Students get oriented to Western

Student Life

Every summer hundreds of incoming students experience Western for the first time through the orientation and registration process known as Destination Western. This year approximately 750 students attended.

Director of First-Year Programs Bobbie Delaney said she was really pleased with the way things went this year.

Delaney recently moved from being a housing director for the suites to this position. This was her first year with orientation. In about a month Delaney, along with her three interns Ally Browning, Cara Humphrey and Kaari Owens ,planned orientation. This year there were also 27 ambassadors involved with the orientation process.

Orientation“Bobbie is a great director,” Humphrey said. “She came into this program knowing nothing, but she works hard with us and has a better understanding now.”

Orientation is mandatory for all incoming students including transfer students. This summer there were seven sessions for first-time freshmen and three transfer sessions.

“We designed a program for orientation that prepares students for their first year at Western,” Browning said. “There is a lot of behind the scenes work, but the enthusiasm the students have towards getting involved and learning more about what Western has to offer makes me proud and excited to be part of their initial experiences here.”

Orientation consists of two days filled with information for incoming students. On the first day, students check into the program and have the opportunity to take placement exams in writing, reading or foreign language. Students then are able to take a tour of campus, check into their rooms for the night or ask questions of the staff. Students and parents have the opportunities to stay on campus in the residence halls overnight. Students are paired with a roommate for one night to give them a taste of what residential life will be like in the fall.

Incoming freshman Holly Gallope of St. Joseph said, “My favorite part of orientation was meeting new people and having interactions with them.”

Students and parents then heard from Public Safety, Residential Life, Esry Health Center, Student Government Association, Student Services, Center for Multicultural Education, Financial Aid and Business Office. All of the speakers during the two-day program were available for question and answer sessions as well.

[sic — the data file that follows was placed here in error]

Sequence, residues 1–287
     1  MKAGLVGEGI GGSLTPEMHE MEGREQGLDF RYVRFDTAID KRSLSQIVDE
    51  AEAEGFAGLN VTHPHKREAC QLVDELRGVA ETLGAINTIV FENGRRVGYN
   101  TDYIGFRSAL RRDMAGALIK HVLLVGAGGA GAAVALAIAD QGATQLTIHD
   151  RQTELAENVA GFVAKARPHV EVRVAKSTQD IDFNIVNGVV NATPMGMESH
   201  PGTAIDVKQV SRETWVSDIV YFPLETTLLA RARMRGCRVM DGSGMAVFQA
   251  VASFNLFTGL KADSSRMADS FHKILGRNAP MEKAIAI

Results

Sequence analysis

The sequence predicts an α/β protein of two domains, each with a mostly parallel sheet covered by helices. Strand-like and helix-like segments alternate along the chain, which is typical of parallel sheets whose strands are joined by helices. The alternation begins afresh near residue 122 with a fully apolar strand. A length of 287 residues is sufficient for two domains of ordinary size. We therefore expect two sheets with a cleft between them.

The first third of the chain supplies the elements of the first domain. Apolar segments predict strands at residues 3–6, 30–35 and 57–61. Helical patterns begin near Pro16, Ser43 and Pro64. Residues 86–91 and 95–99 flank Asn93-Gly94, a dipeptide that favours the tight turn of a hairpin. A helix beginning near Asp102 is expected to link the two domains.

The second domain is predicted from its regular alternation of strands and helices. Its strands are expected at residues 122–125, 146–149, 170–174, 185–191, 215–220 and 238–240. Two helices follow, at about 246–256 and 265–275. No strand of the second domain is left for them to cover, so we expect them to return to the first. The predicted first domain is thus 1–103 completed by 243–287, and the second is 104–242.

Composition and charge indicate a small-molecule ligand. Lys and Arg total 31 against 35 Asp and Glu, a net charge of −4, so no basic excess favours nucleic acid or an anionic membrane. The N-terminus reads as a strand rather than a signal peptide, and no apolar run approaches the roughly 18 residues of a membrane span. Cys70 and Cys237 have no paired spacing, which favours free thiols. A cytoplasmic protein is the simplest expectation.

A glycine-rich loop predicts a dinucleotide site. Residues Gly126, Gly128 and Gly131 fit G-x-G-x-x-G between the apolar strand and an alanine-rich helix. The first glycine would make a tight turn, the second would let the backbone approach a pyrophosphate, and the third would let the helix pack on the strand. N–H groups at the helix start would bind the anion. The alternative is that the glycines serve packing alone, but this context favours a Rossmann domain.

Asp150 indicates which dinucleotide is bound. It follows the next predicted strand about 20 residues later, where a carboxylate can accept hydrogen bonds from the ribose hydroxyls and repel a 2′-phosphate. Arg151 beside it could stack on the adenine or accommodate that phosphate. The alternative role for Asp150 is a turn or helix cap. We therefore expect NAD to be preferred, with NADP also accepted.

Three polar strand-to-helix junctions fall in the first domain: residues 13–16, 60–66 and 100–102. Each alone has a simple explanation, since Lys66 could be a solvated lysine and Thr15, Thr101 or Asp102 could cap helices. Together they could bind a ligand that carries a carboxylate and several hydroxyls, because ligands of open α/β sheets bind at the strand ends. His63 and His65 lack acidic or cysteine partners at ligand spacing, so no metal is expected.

After the first night of information, students were able to choose between taking a bus tour of St. Joseph, playing board games in the lobby of the Living Learning Center or watching a hypnotist hypnotize incoming students as well as ambassadors.

Another benefit of attending Destination Western is a first-hand taste of Western’s cafeteria food. Students and guests were able to experience all three meals during the two-day program.

OrientationStudents leave orientation knowing a little more about the campus, the people and facilities available to them.

Senior Brad Dixon said orientation helped him when he came to Western in 2003, and that is why he wanted to be an ambassador.

“I had a lot of fun. I had already done my research before I came here, but orientation helped me dot the i’s and cross the t’s and also made me more prepared for Griffon Edge,” Dixon said.

Parents are encouraged to attend Destination Western as a last experience with their student. While each orientation session has approximately 75-100 students attending plus parents and guests, Griffon Edge will have around 700 students without parents.

Scarlett Clark’s daughter Cheyenne will come from Platte City to be a freshman this semester. Clark said she feels it is really important for parents to attend orientation and stay overnight in the residence halls.

“Parents get the direct information they need to help their student later when they call home with questions while also getting to experience the type of atmosphere the students stay in on a daily basis,” Clark said.

Orientation is mostly run by students. Ambassadors are there to assist students in registering for classes and receiving the information necessary to enter the fall semester clear, confident and ready.

“I was thrilled to see such support of the upper classmen to help them come out of their shells and experience the college atmosphere,” Clark said.


Sophomore Megan Glenn said she speaks for all ambassadors when she says they are always willing to help students.

“We’re the first place students get to go for answers, and we’ll continue to be here for them as classes begin and they start their college careers,” Glenn said.

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